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The Peace That Almost Was

Mon, Sep 28, 2015, 4:30pm - 6:00pm

You are cordially invited to a book lecture for

The Peace That Almost Was:
The Forgotten Story of the 1861 Washington Peace Conference and the Final Attempt to Avert the Civil War

with author
Mark Tooley
President, The Institute on Religion and Democracy

Monday, September 28, 2015
4:30 PM

The Institute of World Politics
1521 16th Street NW
Washington, D.C. 20036
Parking map


Please contact Sarah Dwyer at with any questions about this event.

The Peace that Almost WasAbout the book: A narrative history of the 1861 Washington Peace Conference, the bipartisan, last-ditch effort to prevent the Civil War, an effort that nearly averted the carnage that followed. In February 1861, most of America’s great statesmen — including a former president, dozens of current and former senators, Supreme Court justices, governors, and congressmen — came together at the historic Willard Hotel in a desperate attempt to stave off Civil War. Seven southern states had already seceded, and the conferees battled against time to craft a compromise to protect slavery and thus preserve the union and prevent war. Participants included former President John Tyler, General William Sherman’s Catholic step-father, General Winfield Scott, and Lincoln’s future Treasury Secretary, Salmon Chase — and from a room upstairs at the hotel, Lincoln himself. Revelatory and definitive, The Peace That Almost Was demonstrates that slavery was the main issue of the conference — and thus of the war itself — and that no matter the shared faith, family, and friendships of the participants, ultimately no compromise could be reached.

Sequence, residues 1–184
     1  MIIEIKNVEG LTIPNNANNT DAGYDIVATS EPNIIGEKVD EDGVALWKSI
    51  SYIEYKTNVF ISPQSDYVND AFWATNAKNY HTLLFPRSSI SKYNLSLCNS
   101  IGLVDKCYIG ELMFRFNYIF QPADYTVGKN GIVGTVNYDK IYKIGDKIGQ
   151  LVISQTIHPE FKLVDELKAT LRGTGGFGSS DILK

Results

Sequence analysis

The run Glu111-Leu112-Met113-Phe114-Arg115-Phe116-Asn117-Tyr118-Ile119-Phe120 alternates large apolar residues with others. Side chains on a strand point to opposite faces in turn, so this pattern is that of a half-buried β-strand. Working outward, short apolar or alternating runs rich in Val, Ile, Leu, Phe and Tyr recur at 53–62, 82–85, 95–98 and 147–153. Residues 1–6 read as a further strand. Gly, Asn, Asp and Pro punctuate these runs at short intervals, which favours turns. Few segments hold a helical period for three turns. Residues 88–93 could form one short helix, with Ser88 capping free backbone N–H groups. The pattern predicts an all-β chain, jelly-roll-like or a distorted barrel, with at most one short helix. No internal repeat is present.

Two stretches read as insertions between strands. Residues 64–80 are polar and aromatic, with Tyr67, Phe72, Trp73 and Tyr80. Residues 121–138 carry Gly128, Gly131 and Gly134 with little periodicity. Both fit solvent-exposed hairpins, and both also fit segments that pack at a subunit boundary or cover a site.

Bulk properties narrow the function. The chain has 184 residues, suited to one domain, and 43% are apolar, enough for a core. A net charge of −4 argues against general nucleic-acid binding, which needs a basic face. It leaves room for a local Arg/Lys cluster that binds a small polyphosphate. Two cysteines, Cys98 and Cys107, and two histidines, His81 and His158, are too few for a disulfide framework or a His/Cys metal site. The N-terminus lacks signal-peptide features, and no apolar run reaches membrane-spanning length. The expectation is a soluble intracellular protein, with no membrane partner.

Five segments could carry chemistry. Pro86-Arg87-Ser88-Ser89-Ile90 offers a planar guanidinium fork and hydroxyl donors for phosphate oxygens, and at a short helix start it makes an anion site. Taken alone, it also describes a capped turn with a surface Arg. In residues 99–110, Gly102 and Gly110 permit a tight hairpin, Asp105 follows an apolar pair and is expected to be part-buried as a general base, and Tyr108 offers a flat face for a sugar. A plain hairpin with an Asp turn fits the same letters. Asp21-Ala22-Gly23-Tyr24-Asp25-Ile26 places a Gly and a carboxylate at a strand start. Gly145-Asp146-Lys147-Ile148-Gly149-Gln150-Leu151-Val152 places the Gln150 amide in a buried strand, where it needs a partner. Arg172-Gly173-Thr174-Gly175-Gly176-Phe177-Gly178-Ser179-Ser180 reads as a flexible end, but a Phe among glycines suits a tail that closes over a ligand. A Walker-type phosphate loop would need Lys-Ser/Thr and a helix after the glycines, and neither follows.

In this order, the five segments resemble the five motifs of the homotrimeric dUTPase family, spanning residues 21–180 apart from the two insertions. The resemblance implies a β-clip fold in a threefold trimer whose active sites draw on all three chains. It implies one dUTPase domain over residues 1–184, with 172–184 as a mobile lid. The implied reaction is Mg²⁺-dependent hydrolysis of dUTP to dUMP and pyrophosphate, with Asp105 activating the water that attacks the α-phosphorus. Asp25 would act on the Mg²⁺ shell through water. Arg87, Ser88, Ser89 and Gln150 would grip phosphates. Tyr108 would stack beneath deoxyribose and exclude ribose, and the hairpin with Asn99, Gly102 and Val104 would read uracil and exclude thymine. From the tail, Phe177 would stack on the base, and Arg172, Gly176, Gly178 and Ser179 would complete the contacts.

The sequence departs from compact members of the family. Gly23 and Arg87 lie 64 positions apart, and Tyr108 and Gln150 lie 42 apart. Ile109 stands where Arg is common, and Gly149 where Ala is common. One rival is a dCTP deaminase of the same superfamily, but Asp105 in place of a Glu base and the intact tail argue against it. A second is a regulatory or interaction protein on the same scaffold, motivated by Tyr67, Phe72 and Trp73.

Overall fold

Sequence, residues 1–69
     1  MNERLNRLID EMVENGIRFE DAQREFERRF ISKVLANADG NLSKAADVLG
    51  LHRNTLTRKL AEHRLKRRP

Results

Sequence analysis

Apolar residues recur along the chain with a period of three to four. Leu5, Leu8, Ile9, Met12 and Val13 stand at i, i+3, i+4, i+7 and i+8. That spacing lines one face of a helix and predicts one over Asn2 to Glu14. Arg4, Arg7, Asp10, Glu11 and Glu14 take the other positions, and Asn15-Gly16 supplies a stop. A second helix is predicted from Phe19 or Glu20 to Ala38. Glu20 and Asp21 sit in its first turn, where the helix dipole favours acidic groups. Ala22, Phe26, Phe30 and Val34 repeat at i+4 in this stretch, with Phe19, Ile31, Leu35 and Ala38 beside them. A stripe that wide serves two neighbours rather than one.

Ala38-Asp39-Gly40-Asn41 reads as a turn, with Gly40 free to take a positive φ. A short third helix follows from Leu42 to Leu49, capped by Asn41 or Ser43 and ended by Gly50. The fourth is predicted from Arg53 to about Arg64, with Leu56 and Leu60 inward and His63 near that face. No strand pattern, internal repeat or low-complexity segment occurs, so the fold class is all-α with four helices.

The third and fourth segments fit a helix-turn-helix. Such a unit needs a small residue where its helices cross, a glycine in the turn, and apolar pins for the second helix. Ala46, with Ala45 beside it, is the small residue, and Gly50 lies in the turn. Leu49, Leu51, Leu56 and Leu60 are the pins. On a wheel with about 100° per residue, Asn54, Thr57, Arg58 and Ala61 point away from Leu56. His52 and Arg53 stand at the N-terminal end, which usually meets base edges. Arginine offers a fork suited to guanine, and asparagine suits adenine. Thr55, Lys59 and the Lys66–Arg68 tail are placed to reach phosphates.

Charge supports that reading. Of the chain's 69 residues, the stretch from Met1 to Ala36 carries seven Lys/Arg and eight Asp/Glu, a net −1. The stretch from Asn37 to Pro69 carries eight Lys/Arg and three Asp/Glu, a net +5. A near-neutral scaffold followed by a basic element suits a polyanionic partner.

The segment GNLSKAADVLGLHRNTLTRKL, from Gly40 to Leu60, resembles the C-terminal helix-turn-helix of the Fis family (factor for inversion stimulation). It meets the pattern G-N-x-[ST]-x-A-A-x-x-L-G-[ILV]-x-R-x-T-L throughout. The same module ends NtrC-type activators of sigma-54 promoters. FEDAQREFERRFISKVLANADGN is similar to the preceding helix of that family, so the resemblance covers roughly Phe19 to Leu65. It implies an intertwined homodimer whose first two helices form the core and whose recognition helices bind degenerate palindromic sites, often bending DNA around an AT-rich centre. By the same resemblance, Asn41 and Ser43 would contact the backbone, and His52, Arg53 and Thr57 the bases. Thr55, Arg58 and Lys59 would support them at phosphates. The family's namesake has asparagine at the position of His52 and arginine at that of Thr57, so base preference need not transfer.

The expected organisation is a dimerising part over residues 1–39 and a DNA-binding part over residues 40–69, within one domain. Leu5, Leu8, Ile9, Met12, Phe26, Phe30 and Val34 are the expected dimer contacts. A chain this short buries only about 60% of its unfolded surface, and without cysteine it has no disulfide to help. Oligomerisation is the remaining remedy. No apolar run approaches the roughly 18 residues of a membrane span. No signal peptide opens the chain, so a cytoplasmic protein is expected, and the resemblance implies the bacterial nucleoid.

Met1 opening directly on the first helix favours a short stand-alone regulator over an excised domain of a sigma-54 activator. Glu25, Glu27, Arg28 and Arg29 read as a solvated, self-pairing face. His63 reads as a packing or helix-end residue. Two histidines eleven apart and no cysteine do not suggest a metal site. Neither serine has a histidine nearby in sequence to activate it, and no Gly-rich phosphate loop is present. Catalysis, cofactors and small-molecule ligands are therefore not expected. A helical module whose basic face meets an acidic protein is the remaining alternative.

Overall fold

About the author: Mark Tooley is president of the Institute on Religion and Democracy in Washington, DC. His writing has appeared in The Wall Street Journal, The Washington Post, National Review Online, The Washington Examiner, The Chicago Tribune, The St. Louis Post Dispatch, Christianity Today, World, and Gettysburg. He writes regularly for The American Spectator and The Weekly Standard and lives in northern Virginia.